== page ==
I’ve had a hard time finding what seem like good reviews online.
My use case is primarily for airline flights.
Can anyone make any suggestions? Any thoughts about in ear vs over ear?
Bought it just before boarding for a 7-hour flight, and it was great. Even after a dozen flights since then, I'd still recommend it anytime. Its noise cancelling is amazing (source: I've tested it in comparison with Bose QC35, everyday in the shop before going for this one).
The XM3 has been released a while ago (minor update IMHO), has good reviews and is regularly discounted. With Black Friday almost there, you should get good deals on it.
I personally don't feel the need to buy it since I have the XM2, but I could get it for my wife.
My biggest issue is you can't use the noise cancelling or the bluetooth connectivity while it's charging. You either have to wait for it to charge (which is absurdly fast. 10m will give you at least 4-6 hours) or you have to plug in an 1/8th inch audio cable.
The touch controls are kind of odd. If the headphones are tilted slightly forward or backward and you try to increase the volume, you can accidentally trigger backward or forward. It also doesn't trigger consistently. Sometimes, I have to try once or twice before it recognizes the gesture. However, Cupping the hand over the right headphone to hear what's going on around you works every time and is priceless in an office environment.
The built in microphone is terrible. Don't use it. I use either the built in microphone in my 2015 macbook pro or the Antlion ModMic Wireless.
If you live in an area where winter is a thing and like going for walks while listening to podcasts, then don't use the gestures at all. Once the temperature dips below 32F, touching the touch-sensitive controls even once will cause the headphones to switch to "ambient sound" mode, where it pipes in the sounds around you. You can't switch it off and you can barely hear the podcast. To sony's credit, this isn't permanent. You can reboot the headphones and it works perfectly again, provided you avoid those touch controls.
All that said, I don't regret my purchase in the least. They're great headphones and I'll use them until they die on me.
Concerning the microphone, yes it's terrible enough for me to avoid taking my calls with it. So whenever I have a incoming call in the middle of my music/podcast, I have to take off the XM2 and put on a tiny bluetooth earset (both connected to the phone). A bit cumbersome and not great.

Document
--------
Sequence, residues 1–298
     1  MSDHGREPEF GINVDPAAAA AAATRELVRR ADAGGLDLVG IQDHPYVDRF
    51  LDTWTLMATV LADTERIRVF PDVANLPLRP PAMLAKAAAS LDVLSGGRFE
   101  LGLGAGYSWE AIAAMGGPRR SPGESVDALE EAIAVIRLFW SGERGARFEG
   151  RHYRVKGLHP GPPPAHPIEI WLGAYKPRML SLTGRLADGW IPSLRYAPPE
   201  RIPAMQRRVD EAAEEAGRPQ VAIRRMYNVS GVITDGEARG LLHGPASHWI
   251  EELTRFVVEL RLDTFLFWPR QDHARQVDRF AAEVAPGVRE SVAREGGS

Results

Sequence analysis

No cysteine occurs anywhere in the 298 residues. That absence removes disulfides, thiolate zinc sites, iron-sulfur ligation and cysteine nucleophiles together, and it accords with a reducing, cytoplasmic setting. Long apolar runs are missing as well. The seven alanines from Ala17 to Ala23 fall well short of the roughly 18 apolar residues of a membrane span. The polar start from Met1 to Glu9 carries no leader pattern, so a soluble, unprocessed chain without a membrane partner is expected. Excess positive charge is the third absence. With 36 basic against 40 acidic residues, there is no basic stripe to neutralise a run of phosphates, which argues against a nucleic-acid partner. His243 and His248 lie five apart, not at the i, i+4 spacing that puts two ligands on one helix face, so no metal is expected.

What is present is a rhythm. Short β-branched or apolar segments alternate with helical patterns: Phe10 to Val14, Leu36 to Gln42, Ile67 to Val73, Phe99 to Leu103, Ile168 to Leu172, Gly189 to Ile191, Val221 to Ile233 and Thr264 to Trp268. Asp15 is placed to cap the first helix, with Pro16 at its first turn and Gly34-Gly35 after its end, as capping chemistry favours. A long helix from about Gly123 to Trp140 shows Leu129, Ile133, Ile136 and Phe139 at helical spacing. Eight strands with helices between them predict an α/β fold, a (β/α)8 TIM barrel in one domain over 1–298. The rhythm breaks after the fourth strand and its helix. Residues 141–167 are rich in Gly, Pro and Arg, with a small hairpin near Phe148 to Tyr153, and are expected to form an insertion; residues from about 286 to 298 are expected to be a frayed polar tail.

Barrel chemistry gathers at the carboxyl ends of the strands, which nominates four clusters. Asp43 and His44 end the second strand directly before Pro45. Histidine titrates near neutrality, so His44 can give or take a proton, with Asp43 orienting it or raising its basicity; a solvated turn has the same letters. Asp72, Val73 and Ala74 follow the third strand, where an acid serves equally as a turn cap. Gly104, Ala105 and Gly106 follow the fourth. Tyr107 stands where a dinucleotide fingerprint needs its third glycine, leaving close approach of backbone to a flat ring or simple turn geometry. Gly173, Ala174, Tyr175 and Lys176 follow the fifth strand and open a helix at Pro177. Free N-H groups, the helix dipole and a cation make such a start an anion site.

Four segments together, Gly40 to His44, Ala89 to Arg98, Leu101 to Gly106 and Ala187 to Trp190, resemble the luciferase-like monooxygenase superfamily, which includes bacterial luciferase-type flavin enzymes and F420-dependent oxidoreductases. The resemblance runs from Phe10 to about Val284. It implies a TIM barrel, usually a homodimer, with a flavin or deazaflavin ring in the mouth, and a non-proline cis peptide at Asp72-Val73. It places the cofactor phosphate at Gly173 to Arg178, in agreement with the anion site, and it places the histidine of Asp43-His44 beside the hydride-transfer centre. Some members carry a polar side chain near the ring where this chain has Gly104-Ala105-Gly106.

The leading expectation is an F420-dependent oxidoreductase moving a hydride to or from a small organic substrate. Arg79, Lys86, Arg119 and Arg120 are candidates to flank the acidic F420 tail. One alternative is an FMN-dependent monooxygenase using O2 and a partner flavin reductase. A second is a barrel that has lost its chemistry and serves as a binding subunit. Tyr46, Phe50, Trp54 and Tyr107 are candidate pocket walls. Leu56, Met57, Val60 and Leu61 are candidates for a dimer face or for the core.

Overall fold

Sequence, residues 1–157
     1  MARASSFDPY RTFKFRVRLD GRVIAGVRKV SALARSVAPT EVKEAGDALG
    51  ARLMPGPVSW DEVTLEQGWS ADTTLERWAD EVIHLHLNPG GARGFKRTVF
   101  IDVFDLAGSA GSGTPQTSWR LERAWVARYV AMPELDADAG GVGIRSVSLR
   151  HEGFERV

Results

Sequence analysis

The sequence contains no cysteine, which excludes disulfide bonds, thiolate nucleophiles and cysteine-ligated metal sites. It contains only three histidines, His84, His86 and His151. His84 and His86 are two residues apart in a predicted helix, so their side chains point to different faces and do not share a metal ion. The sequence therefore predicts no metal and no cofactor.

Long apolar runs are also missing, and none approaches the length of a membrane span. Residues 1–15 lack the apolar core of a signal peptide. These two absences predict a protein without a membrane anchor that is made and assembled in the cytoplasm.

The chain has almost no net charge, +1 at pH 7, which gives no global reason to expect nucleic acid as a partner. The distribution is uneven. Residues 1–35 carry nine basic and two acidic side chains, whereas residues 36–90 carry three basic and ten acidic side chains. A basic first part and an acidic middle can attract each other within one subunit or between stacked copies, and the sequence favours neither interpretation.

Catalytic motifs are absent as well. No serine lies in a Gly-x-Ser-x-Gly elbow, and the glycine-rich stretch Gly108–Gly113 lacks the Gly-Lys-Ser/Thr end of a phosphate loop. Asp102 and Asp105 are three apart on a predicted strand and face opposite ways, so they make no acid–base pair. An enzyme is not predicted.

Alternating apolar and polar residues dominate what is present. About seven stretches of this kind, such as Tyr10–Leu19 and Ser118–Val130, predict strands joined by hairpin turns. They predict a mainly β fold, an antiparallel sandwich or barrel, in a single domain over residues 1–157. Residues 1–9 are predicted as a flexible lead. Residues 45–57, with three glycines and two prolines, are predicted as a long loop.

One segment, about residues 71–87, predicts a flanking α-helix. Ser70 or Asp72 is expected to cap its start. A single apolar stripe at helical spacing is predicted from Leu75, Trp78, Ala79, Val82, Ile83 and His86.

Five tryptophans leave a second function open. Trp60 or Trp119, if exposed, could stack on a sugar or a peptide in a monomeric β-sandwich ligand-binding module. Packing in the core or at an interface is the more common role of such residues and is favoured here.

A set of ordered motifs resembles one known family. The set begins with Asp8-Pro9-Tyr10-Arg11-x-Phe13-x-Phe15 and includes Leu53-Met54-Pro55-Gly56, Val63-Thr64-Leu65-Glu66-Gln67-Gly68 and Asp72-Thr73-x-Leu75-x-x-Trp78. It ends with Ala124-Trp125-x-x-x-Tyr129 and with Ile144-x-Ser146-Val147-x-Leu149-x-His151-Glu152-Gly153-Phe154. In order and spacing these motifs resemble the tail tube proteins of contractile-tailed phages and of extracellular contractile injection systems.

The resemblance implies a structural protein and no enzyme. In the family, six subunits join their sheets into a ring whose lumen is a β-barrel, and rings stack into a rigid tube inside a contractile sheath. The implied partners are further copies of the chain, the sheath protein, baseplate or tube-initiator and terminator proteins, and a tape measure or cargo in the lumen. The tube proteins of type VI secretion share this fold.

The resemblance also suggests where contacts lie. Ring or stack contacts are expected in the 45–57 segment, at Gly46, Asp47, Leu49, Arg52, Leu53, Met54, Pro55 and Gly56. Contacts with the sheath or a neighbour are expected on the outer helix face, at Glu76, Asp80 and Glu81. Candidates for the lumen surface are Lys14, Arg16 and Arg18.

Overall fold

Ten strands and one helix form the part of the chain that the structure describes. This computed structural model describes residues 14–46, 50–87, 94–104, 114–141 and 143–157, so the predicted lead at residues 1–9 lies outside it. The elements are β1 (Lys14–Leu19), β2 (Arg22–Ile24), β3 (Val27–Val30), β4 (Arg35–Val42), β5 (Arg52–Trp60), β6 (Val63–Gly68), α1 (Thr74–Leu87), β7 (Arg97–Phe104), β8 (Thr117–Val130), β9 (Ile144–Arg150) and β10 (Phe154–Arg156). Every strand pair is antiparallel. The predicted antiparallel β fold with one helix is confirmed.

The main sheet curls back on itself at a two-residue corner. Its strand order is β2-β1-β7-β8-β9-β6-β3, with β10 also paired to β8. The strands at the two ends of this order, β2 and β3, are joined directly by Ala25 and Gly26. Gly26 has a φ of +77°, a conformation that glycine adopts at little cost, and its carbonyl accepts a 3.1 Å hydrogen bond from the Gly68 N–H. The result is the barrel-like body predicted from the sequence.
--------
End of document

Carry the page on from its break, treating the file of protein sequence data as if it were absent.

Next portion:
For the touch controls, I live in a very hot (tropical) area, so no chance of having winter here ^^
I did some research and it turned out that while there were some differences between the two, there weren't many.
To this day I have zero regrets with getting the XM2.
1. Bose QC-15
2. Bose QC-25
3. Bose QC-35
4. Bose QC-35 ii
5. Bose 700
6. Apple AirPods Pro
Far and away my choice now is AirPods Pro. They are comfortable to wear whilst sleeping on a flight (over ear can't be worn comfortably), and the noise canceling is significantly better than the Bose.
The only downside for me is battery life (I get about 5hrs out of them).
Without it, it's hard to quiet the racing thoughts in my mind that keep me up for hours.
The Airpod Pros are good but the physical noise isolation isn't that great. The rubber tips in Etymotics are far superior. Even my Jabras had better physical noise isolation than the Airpod Pros.
My friend has the Sony WH1000XM3, so I got to play around with those. They have slightly better noise cancelation than the Bose. However, the Bose are more comfortable to me because they rest around your ear instead of on your ear like the Sony's.
I think that the comfort while sleeping/resting is a valid concern. I really like how comfortable the QC-35 II are, but you can’t rest your head against them. The Bose 700 headphones appear to have better mics as the main advantage over the QC-35 II.
Personally I like the sound of the Bose headphones better than Sony’s, but judging from online comments I think that most people prefer the more bass heavy Sony sound.
My advice to OP for over ear headphones would be the QC-35 II. Physical buttons, decent sound quality (although you can get better sound quality if you don’t need noise cancelling) and very comfortable. I can’t speak for the Apple AirPod Pros, as I’ve never used them.
> 5 minutes in the case provides around 1 hour of listening.
Together with the case Apple quotes 24h.
I understand that a lot of folks don't care about that, but to me it's a bit mind boggling the electronic waste being generated with these kind of earphones.